100 Things You Should Know About Mercedes-Benz | #8

It is thanks to Daimler that German police cars are silver.

German police car’s bear blue wraps to indicate a shared identity in the EU and neon-yellow contour markings to improve visibility. The color design of German police cars is no coincident. But why is their basic body color silver? Daimler established this color as the standard, thanks to a revolutionary leasing concept.

2 min reading time

by Bartek Langer, Author
published on March 12, 2020

Policemen in West Germany first used green-and-white patrol cars to hunt down criminals in most of West Germany back in the 1970s, when baddies on the run were still likely to be wearing bellbottoms. After the turn of the millennium, policemen drove patrol cars that were green-and-silver, then blue-and-silver — much more like the cool cops in Hollywood thrillers. These changes were part of the harmonization process within the EU — which supposedly began with rules on how curved EU cucumbers were allowed to be.

But who came up with the idea that all German police cars should be painted a shimmering “Brilliant Silver”? It wasn’t the bureaucrats in Brussels — it was Daimler!

At the end of the 1990s, the Ministry of the Interior of the state of Baden-Württemberg launched the “Technology Future Program”. Among other things, it called for a renewal of the state’s fleet of police cars. The aim was to lease the vehicles instead of buying them. DaimlerChrysler won the Europe-wide call for tenders and received the order for a total of 3,800 leased cars and vans. It then came up with a revolutionary idea: converting the patrol cars back to normal vehicles. But how could these special-purpose vehicles be converted back into production vehicles as easily and economically as possible to improve their resale value?

One specific answer to this question was that white should no longer be the vehicles’ basic body color, as had been the case since 1975. Instead, it should be silver, because the post-leasing resale value of a silver vehicle on the used car market was higher than that of a white one. What’s more, thanks to a special vehicle wrapping process, the green wraps on the vehicles’ moving parts could be easily removed. The roof bars with the special police equipment could also be dismounted without too much trouble by going through the opening of the sliding roof.

Police cars handover to the regional police authorities of Baden-Württemberg.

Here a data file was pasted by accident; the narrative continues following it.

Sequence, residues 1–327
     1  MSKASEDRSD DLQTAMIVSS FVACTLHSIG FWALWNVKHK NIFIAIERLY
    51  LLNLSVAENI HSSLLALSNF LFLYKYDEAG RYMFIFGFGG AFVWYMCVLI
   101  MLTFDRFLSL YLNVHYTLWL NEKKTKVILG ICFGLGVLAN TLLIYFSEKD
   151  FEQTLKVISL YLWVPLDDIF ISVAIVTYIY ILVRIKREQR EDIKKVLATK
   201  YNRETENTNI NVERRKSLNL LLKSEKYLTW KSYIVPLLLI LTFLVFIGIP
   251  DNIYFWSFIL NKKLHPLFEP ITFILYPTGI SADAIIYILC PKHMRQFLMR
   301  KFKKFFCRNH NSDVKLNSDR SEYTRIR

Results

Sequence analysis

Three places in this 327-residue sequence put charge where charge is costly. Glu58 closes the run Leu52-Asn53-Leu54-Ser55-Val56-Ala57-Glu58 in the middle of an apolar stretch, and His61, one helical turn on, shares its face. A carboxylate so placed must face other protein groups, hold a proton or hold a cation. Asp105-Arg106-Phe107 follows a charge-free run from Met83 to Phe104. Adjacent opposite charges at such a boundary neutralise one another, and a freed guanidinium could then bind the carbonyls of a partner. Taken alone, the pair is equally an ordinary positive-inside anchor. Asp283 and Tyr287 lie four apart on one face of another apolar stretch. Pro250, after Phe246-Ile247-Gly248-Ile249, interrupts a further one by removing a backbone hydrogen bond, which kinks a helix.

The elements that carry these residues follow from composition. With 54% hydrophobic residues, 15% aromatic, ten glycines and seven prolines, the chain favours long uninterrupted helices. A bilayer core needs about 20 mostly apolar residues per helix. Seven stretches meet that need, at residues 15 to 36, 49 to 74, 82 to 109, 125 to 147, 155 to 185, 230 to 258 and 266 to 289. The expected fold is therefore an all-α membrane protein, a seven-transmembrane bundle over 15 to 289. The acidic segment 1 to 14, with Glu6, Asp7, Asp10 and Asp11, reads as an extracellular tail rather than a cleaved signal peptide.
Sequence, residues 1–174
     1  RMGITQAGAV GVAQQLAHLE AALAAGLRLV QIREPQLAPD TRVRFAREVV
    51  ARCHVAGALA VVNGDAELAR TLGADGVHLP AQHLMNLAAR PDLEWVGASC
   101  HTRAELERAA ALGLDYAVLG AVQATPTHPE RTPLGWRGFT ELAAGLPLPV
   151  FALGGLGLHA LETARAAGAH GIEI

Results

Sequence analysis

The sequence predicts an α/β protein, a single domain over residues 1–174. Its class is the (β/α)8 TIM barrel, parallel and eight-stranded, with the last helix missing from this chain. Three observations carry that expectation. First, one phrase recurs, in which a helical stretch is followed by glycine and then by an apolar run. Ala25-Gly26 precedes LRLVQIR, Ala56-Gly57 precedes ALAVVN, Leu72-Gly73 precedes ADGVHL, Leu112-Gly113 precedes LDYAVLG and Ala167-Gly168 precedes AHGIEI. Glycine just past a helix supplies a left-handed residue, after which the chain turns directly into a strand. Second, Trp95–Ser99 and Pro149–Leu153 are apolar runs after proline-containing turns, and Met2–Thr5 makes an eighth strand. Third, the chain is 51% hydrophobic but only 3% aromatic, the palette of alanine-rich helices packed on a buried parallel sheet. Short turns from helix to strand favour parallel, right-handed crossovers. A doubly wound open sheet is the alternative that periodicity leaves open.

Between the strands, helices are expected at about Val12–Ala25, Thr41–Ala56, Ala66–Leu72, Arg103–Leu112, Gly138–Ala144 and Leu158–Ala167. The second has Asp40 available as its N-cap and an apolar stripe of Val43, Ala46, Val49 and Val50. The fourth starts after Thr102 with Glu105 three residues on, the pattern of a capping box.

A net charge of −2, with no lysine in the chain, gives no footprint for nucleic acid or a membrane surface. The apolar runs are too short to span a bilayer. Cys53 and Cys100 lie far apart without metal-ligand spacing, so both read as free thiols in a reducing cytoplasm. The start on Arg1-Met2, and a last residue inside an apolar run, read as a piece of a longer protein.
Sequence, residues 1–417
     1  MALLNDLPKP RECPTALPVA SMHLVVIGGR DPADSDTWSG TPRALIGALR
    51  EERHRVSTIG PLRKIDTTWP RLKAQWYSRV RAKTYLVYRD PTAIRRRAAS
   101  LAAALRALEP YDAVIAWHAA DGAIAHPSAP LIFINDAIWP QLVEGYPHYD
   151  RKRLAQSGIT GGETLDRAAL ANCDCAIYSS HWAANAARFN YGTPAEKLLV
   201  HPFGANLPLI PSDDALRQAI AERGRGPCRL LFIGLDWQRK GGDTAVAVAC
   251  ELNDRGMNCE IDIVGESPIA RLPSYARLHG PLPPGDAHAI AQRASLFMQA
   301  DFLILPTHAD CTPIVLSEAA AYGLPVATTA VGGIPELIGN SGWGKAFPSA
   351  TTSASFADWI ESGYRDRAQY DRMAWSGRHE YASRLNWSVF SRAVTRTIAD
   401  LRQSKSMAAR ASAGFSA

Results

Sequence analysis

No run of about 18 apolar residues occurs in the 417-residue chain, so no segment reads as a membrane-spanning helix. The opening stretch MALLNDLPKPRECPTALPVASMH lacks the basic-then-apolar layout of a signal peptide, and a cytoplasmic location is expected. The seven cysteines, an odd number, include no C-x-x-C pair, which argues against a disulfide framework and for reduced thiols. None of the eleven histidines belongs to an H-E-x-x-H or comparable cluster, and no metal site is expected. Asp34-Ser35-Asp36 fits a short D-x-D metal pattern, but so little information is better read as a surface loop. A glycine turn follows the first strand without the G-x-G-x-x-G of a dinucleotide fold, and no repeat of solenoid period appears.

Police cars handover to the regional police authorities of Baden-Württemberg.
The Mercedes-Benz C-Class as a police car.
The Mercedes-Benz C-Class as a police car.
1980s: The Mercedes-Benz 420 SE as a Police car.
1980s: The Mercedes-Benz 420 SE as a Police car.
Mercedes-Benz Sprinter for the German Federal Police.
Mercedes-Benz Sprinter for the German Federal Police.

To be specific, the DaimlerChrysler leasing concept actually came from the Mercedes-Benz Sales Division in Stuttgart and DaimlerChrysler Bank (which today is called Mercedes-Benz Bank). The concept spread quickly among police departments and became the standard for the contracting public authorities as well as the other automakers throughout Germany.

That’s no surprise, because it made it possible to reduce the monthly leasing rates and boost the resale value of used patrol cars. Besides, the state saved around 4,500 deutsche marks per vehicle — which would have been the cost of repainting a white patrol car after the end of the leasing period. In addition, the vehicles were provided with a service contract and had shorter leasing periods — changes that enabled police departments to reduce their maintenance costs as well as the operations of their own workshops.

And there was yet another reason why police departments were delighted to receive their “Silver Arrows” as the first leasing vehicles were handed over in April 2000. “This model has a fantastic reputation!” wrote Erwin Hetger, the President of the State Police of Baden-Württemberg at that time, in the DaimlerChrysler employee newspaper in 2001. And the police officer Thomas Rockus was so carried away that he made the following declaration of love, which is probably valid even today: “In the new patrol cars from Mercedes-Benz we feel more comfortable than in any other car!”

In this column we present interesting, odd, or generally unknown facts from the world of Mercedes-Benz. We publish a new story in the series of “100 things you should know about Mercedes-Benz” regularly here on Mercedes-Benz Magazine.

Bartek Langer

wanted to be an FBI agent as a kid, then changed his mind and wanted to be a sheriff. He didn’t become either one. However, he does carry a star around with him these days – on his business card.

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